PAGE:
Hello everyone – how’s everybody doing today? I’m here with students at Wakefield High School in Arlington, Virginia. And we’ve got students tuning in from all across America, kindergarten through twelfth grade.Can any speech be good for such wide range of ages? 2540 words should take at least 15 minutes to deliver. Who gives a 15 minute speech to kindergartners?
I’m glad you all could join us today.Students tuning in? Glad you could join us? It's not voluntary.
I know that for many of you, today is the first day of school. And for those of you in kindergarten, or starting middle or high school, it’s your first day in a new school, so it’s understandable if you’re a little nervous. I imagine there are some seniors out there who are feeling pretty good right now, with just one more year to go. And no matter what grade you’re in, some of you are probably wishing it were still summer, and you could’ve stayed in bed just a little longer this morning."This is no picnic for me either, buster" is a long-time laugh line for Obama, but it's not exactly comprehensible to kids. Do kindergartners and first graders understand what a foreign country is? Do elementary school students recognize the word "Indonesia"? Will students understand why going to school with people other than Americans is so bad? (Isn't it prejudiced to think that? a bright child might wonder.)
I know that feeling. When I was young, my family lived in Indonesia for a few years, and my mother didn’t have the money to send me where all the American kids went to school. So she decided to teach me extra lessons herself, Monday through Friday – at 4:30 in the morning.
Now I wasn’t too happy about getting up that early. A lot of times, I’d fall asleep right there at the kitchen table. But whenever I’d complain, my mother would just give me one of those looks and say, "This is no picnic for me either, buster."
And what sort of mother wakes a kid up before dawn to teach him lessons? (Some parents say "I'll teach you a lesson" as a prelude to punishment.) Frankly, I don't even understand why the mother picked pre-dawn for lesson time. It seems a bit abusive. And I don't see what so funny when the abusers says "This hurts me too." Is a mother calling her child "buster" funny to little kids, or does it seem sad or scary?
So I know some of you are still adjusting to being back at school. But I’m here today because I have something important to discuss with you...It's not a discussion. He's on television.
Okay, I've got to stop. I'm not going to reprint the whole thing. It's way too long. I'll summarize. As it goes on, he develops the theme of students taking responsibility for their own education, including and especially when they don't have responsible adults in their life watching over them.
Where you are right now doesn’t have to determine where you’ll end up. No one’s written your destiny for you. Here in America, you write your own destiny. You make your own future.Now, that's very nice free market capitalism — not that Obama's policies reflect this spirit.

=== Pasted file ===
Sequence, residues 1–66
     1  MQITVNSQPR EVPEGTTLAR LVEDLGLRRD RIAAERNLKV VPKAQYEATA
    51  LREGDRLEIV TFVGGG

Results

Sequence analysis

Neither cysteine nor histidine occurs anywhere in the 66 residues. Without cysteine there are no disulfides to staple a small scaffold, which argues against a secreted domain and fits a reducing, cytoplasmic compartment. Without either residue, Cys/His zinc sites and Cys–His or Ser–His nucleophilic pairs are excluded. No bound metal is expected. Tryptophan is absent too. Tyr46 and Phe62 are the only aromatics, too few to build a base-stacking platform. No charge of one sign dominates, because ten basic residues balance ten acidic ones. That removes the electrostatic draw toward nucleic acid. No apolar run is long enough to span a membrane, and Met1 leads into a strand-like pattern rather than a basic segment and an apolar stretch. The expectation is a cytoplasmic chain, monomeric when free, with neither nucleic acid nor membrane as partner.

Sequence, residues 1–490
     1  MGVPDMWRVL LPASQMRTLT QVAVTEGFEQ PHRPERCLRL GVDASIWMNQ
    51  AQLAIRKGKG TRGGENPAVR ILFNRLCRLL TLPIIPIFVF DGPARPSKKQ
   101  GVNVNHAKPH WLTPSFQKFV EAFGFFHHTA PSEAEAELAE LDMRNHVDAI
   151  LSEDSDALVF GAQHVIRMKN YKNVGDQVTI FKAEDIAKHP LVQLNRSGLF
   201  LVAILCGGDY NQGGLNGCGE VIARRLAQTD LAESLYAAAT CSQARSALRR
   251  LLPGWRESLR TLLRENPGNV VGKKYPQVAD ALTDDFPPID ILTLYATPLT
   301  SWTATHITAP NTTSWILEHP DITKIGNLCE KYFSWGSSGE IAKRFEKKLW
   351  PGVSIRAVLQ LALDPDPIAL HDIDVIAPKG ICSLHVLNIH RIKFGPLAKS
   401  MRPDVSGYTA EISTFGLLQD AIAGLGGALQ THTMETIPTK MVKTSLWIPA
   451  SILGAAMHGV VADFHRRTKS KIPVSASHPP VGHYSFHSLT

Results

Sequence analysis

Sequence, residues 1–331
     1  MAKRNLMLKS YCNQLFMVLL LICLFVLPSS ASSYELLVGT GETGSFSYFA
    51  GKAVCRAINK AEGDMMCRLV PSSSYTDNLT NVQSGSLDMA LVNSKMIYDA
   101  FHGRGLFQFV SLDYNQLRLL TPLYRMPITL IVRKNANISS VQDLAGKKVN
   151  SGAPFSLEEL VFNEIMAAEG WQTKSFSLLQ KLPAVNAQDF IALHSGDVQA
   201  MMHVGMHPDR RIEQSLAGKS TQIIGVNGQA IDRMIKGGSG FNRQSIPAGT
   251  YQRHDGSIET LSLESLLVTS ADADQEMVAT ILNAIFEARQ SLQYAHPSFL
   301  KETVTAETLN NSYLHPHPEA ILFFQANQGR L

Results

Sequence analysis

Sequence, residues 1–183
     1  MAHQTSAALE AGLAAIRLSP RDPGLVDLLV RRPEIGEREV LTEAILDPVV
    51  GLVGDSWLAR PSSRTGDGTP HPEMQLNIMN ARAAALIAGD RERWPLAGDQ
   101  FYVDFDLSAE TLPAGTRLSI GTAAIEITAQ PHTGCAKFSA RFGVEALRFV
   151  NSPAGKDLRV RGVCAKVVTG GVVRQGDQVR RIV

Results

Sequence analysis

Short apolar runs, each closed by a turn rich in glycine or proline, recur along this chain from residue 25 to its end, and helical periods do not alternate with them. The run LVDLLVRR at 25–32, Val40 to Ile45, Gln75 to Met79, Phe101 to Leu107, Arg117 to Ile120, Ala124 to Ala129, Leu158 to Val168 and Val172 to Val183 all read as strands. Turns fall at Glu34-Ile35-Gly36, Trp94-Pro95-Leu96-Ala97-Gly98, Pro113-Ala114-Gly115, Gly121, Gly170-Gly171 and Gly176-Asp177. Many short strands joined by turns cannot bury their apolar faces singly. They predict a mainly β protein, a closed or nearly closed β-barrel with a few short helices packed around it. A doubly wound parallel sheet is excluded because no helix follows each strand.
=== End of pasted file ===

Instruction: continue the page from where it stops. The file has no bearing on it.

That’s what young people like you are doing every day, all across America....
I know that sometimes, you get the sense from TV that you can be rich and successful without any hard work -- that your ticket to success is through rapping or basketball or being a reality TV star, when chances are, you’re not going to be any of those things.So can you "write your own destiny" and "make your own future" or not? It's confusing.
But the truth is, being successful is hard. You won’t love every subject you study. You won’t click with every teacher. Not every homework assignment will seem completely relevant to your life right this minute. And you won’t necessarily succeed at everything the first time you try.But I thought we weren't supposed to think we could make it at basketball! That's downright perplexing. And why is rapping an inappropriate goal but being a fiction writer is admirable? Isn't rap a more easily reachable occupation?
That’s OK. Some of the most successful people in the world are the ones who’ve had the most failures. JK Rowling’s first Harry Potter book was rejected twelve times before it was finally published. Michael Jordan was cut from his high school basketball team, and he lost hundreds of games and missed thousands of shots during his career. But he once said, "I have failed over and over and over again in my life. And that is why I succeed."
... [Y]ou’ve got to do your part... So I expect you to get serious this year. I expect you to put your best effort into everything you do. I expect great things from each of you. So don’t let us down – don’t let your family or your country or yourself down. Make us all proud. I know you can do it."I expect"... I have no idea if expressions of expectation motivate children. Personally, I don't react well to a political leader telling me he expects something from me, but I'm not a kid.
Thank you, God bless you, and God bless America.He ends with a double "God." I guess it's okay when Obama invokes the deity in school, but some kids might wonder why God's blessing comes at the end. After all, they were just told to take personal responsibility for themselves. And as for "God bless America," why is it even relevant? This wasn't a patriotic speech. The message to kids in other countries — including Indonesia — would be the same. Maybe some older kids will get it that it's just the conventional ending for a presidential speech, but if you're not familiar with the convention, and you're just trying to understand this speech, it's comes from nowhere.